New research advocates co-mingled recycling

According to a new report that has just been published, co-mingled collections are a very positive step for many local authorities as they not only reduce costs but also increase the amount of household waste that is being recycled.

The findings come from WYG, the global multi-disciplinary consultancy which has financial backing from Biffa, the recycling specialist and PlasticsEurope, the leading trade association. The report highlights that 20 of the 30 councils in Britain that are classed as high performing in their dry recycling collections operate a co-mingling service that also included glass.

WYG’s researchers analysed WasteDataFlow information submitted to central government by local authorities for the year 2010/11 to identify the key drivers to the top performing and most improved councils for collecting dry recycling. This year’s report also features a focus on plastics collection: analysing which authorities collect the most plastics, the collection methods used by the top performers, and the carbon impacts of the different collection methods.

Len Attrill, Project Director, WYG said: “As has been the case in the two previous years, the highest performing councils in terms of dry recycling are dominated by authorities that collect co-mingled dry recycling, with both recycling and residual waste collected fortnightly using wheeled bins.”

Although affluent areas tend to have higher yields of all materials, the analysis reveals that fully co-mingled collections including glass tend to outperform kerbside sorted collections by a similar margin across all levels of affluence.

The council with the highest yield of recycling (at 295kg per household per year) is Surrey Heath.

This highest performing fully co-mingled authority collects nearly 60kg per household per year more than Guildford, the highest performing authority that collects using mainly kerbside sort.

Findings have also highlighted that no authority in the top 30 for kerbside sort recycling collects all materials separately: two collect mainly using kerbside sort, but provide co-mingled collections for some materials or some households.  These two authorities collect recycling weekly; 26 out of the top 30 kerbside sort collecting councils collect fortnightly.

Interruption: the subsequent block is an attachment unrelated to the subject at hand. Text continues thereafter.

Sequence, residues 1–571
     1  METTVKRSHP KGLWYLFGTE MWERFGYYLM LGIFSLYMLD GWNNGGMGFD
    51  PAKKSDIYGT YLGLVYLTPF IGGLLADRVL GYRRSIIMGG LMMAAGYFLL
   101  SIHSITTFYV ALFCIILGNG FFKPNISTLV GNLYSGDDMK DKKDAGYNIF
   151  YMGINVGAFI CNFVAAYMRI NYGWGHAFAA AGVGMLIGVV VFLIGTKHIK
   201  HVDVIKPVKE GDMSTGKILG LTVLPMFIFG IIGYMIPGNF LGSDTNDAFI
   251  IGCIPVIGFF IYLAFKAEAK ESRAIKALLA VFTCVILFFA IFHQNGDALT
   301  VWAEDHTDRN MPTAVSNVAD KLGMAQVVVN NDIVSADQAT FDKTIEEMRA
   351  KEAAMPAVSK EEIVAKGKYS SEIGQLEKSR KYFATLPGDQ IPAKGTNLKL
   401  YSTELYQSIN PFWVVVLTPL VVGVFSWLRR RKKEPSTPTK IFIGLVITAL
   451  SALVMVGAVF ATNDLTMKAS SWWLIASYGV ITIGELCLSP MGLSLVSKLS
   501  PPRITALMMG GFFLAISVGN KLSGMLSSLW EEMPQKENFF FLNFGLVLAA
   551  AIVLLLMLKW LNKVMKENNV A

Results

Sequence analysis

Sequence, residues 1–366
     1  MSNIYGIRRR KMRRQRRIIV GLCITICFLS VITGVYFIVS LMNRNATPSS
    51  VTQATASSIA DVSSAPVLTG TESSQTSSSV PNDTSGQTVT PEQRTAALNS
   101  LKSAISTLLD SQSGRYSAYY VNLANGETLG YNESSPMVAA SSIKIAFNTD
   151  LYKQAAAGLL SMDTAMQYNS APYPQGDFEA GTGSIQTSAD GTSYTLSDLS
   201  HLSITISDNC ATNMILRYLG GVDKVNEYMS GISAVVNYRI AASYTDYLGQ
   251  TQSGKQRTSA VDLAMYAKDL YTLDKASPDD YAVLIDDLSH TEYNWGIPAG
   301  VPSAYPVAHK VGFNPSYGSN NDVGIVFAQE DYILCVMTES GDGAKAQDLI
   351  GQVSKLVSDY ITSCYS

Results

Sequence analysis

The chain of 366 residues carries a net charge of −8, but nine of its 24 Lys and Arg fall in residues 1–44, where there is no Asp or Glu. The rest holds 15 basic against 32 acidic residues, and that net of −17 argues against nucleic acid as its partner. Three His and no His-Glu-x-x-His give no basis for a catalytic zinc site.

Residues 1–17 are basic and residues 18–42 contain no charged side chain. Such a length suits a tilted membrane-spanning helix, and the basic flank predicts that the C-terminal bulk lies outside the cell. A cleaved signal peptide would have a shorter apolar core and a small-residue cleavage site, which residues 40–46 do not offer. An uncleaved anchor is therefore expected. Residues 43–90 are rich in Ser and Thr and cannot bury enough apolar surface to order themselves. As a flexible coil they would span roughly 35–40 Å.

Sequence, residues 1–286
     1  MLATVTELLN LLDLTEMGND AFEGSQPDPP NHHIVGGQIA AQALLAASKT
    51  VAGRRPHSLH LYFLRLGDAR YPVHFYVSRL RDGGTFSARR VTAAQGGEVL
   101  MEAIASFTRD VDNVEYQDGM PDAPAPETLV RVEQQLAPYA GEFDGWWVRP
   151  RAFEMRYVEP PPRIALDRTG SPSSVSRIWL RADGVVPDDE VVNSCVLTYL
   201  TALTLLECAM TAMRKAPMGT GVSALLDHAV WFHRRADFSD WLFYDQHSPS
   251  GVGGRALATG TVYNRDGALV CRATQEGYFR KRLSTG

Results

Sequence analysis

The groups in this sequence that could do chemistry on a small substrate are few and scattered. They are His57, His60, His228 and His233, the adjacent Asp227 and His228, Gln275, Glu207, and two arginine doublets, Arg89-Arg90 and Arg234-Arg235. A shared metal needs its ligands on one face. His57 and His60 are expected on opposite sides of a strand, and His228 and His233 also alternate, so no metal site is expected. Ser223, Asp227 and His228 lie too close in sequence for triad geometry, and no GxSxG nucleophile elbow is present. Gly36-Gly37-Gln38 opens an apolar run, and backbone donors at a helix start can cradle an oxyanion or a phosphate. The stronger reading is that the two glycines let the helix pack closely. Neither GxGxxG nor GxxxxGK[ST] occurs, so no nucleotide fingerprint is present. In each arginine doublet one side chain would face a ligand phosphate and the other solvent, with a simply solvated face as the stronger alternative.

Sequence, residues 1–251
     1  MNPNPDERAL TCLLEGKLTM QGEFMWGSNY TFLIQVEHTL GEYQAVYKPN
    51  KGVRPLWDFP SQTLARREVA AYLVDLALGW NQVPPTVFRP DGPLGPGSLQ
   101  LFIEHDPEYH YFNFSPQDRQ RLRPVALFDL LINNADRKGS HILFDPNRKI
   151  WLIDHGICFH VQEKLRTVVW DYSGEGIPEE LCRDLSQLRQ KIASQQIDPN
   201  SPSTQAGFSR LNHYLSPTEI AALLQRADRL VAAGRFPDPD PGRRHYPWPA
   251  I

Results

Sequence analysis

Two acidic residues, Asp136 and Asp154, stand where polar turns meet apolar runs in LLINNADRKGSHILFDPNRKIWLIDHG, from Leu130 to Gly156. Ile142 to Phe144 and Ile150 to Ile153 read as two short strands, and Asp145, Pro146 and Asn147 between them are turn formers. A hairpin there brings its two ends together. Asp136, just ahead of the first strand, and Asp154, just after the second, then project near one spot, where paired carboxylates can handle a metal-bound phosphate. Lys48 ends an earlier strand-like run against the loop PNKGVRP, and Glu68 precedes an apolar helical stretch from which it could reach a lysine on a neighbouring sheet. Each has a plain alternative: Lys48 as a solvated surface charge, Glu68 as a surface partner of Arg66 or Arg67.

Of the top 30 councils for plastics collected at the kerbside:

• Staffordshire Moorlands achieved the highest yield for plastic with 42kg per household per year

• 25 collect plastic containers as well as plastic bottles

• All except one collect plastics within a co-mingled stream – only Newport collects plastics as a separate stream.

The results show that some councils are recycling significant quantities of plastics at the kerbside, with many high performers collecting plastic containers as well as plastic bottles and co-mingling plastics with other materials to accommodate the range and volume of materials.

Analysis of the 15 highest improvers for kerbside recycling between 2009/10 and 2010/11 showed that 11 of them moved to fully co-mingled collections that include glass. The three authorities that continued collecting using kerbside sort added plastics and cardboard and moved from fortnightly to weekly recycling collections and from weekly to fortnightly refuse collections.

Len summarised: “The degree of difference in yields between kerbside-sort schemes and fully co-mingled collections including glass is significant. Taken as a whole, the research has highlighted that co-mingling can deliver a high performing, high quality recycling service that reduces the amount of waste sent to landfill sites, resulting in significant savings both to the environment and the taxpayer.”

WYG’s report ‘Review of Kerbside Recycling Collection Schemes in the UK 2010/11’ is available at